Horsemen of the Sands, by Leonid Yuzefovich
Horsemen of the Sands
by Leonid Yuzefovich
Translated from the Russian by Marian Schwartz
Archipelago Books, 2018
In a Soviet elementary school, a bombastic teacher lectures his young students on traffic accidents and family separation, unwittingly stirring an emotional crisis. A lost wallet, an office fling, an upset stomach—the minutiae of life unveil the private tragedies at the heart of a school community.
A world away, an old herdsman entrances a young tank commander with the legend of Baron Ungern, the real-life White Russian officer who conquered Mongolia. A foggy epic unfolds, a tale of faith and revenge centering on a mysterious amulet, said to make the wearer invincible. From the dim of the classroom to the vast Mongolian steppe, Leonid Yuzefovich’s masterful novellas The Storm and Horsemen of the Sands drill straight to the core of human emotion. These Russian parables illuminate the fears, passions, and ambitions beneath the grandest acts and the tiniest gestures.
PRAISE FOR THE TRANSLATION
“[‘The Storm’] is an enchanting work, from its gemlike descriptions of objects and scenes to the narrator’s fondness for the world of the story and good humor toward its characters—even the novella’s villain, the rigid, hubristic road safety instructor Rodygin is redeemed by the end. And though it may seem humble and small next to Yuzefovich’s novels and even Horsemen of the Sands, its companion novella in a new Archipelago Books volume translated from Russian by Marian Schwartz, The Storm is by no means slight. Beneath its veneer of gentle irony, Yuzefovich’s favorite subject—history—rumbles on. It is propelled by religion, superstition, the natural world and—most importantly in this supremely humanistic work—individual lives and actions. Beware the ‘smell of electricity’ wafting through the story and remarked upon obliquely by its character: this novella is charged throughout and leaves a scorching impression. — Sabrina Jaszi, Reading in Translation, February 18, 2019
“Because Leonid Yuzefovich seems to have drunk at the same spring that nourished two centuries of great Russian writers, you may feel that you have read him before. But you probably haven’t. He has been well-served by his translator Marian Schwartz, who delivers these very Russian stories in pitch-perfect English.” — Peter Gordon, Asian Review of Books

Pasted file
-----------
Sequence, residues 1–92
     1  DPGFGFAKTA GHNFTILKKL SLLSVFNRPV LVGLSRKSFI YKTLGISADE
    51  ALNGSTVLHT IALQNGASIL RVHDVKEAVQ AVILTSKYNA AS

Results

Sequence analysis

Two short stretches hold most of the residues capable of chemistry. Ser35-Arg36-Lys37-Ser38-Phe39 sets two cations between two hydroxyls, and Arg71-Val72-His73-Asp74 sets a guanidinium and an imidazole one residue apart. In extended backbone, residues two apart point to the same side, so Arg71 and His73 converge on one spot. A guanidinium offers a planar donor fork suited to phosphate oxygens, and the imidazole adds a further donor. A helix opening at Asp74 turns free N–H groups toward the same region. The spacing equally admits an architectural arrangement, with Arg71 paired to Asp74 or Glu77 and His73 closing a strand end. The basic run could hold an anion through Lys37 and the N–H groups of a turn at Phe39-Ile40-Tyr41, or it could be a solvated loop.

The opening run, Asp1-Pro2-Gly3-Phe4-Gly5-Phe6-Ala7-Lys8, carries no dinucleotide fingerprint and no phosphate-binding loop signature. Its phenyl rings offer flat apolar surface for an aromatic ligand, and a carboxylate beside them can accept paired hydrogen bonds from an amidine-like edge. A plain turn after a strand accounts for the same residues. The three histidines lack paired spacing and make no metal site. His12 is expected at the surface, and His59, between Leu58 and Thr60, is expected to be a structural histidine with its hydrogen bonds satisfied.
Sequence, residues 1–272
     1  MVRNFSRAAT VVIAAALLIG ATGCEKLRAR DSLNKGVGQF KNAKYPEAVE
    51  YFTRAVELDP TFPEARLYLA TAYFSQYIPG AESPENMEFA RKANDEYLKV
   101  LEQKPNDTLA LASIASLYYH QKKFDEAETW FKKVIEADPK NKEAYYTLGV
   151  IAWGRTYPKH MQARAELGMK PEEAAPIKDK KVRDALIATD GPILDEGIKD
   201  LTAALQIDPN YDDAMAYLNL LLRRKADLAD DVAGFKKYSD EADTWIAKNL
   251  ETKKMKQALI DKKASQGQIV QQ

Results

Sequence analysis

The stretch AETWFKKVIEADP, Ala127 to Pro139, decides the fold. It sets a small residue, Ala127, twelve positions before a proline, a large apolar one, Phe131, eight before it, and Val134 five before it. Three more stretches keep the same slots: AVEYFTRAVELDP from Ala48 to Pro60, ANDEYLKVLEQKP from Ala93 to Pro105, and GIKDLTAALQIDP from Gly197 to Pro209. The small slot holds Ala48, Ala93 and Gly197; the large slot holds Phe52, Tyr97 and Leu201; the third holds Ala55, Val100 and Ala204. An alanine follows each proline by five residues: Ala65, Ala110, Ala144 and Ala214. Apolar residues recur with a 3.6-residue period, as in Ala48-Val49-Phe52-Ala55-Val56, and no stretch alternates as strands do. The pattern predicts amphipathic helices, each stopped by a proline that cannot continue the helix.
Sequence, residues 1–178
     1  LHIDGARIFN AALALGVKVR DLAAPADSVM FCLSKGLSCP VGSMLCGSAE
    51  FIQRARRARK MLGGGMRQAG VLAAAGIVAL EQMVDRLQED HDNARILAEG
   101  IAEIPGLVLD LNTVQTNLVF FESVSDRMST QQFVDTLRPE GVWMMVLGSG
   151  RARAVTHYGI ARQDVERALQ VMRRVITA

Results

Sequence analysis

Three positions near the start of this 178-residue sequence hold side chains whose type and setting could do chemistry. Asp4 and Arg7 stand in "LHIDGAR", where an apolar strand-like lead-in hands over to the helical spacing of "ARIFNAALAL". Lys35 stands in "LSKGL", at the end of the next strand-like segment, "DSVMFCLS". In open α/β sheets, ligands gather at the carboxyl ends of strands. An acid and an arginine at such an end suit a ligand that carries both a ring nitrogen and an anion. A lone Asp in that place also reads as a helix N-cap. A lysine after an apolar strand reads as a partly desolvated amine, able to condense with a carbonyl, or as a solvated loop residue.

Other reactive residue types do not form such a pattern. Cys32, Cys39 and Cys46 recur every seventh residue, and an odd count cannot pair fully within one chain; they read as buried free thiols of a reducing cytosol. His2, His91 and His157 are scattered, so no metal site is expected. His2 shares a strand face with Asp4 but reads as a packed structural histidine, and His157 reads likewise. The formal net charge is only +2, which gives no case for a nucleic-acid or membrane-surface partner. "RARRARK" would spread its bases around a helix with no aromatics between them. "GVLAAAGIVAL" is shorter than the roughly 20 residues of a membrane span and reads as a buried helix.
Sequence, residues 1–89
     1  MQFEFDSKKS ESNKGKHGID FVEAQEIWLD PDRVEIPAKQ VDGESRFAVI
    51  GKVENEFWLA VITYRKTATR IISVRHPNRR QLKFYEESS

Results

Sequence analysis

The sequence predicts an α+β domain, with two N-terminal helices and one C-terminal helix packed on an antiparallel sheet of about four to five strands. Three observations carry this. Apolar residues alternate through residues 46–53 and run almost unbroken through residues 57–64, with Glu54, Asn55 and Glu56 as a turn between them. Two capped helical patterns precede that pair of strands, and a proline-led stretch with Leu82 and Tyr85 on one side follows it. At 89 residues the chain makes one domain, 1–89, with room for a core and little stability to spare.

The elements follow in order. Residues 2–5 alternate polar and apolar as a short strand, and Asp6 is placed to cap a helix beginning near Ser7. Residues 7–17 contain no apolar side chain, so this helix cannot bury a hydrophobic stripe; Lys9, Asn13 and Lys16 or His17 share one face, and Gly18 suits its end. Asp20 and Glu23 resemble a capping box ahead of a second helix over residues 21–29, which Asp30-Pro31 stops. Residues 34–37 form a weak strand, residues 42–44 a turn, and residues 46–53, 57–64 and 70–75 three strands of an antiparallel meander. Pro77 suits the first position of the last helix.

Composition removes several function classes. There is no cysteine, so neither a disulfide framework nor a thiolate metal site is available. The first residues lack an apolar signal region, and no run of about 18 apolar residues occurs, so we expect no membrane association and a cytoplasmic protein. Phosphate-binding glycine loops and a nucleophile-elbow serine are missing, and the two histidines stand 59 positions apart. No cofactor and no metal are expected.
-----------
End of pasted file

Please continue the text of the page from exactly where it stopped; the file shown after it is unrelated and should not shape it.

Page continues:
“The framed narrative structure is gripping and seeps with layers of history. In English, Marian Schwartz expertly translates the different storytelling rhythms of each teller.” — Olga Zilberbourg, World Literature Today
“Shot through with a mythic and cipherlike style, Yuzefovich’s novellas are cogent depictions of faith, obsession, power, and the ties that bind. . . .” — Publishers Weekly
“These are fitting novellas to bring to an American public...they eschew the Russian penchant for long philosophical monologues or dialogues that create philosophical debate and meaning in a work, and instead Yuzefovich opts for the more “American” style of communicating meaning through events themselves...The internal consistency of the novellas is a testament to the craft of the writer, and also to Schwartz’s translation.” —Ryan K. Strader, Cleaver Magazine
“[The Storm] asks readers to go beneath the surface, while [Horsemen of the Sands] opens up an unfamiliar world and invites us to think about the stories we tell. One can only hope that more of Yuzefovich’s work makes its way into English with all the speed and determination of the horsemen he chronicles.” — Yelena Furman, Los Angeles Review of Books
“History and human drama collide in Leonid Yuzefovich’s Horsemen of the Sands, a wonderful tangle of relationships, religions, and realism...The prose adroitly bears both an ethereal and a concrete quality...culminating in a fascinating meditation on trickery and the power of suggestion.” — Meagan Logsdon, Foreword Reviews
“…The framed narrative structure is gripping and seeps with layers of history. In English, Marian Schwartz expertly translates the different storytelling rhythms of each teller.” — Olga Zilberbourg, World Literature Today
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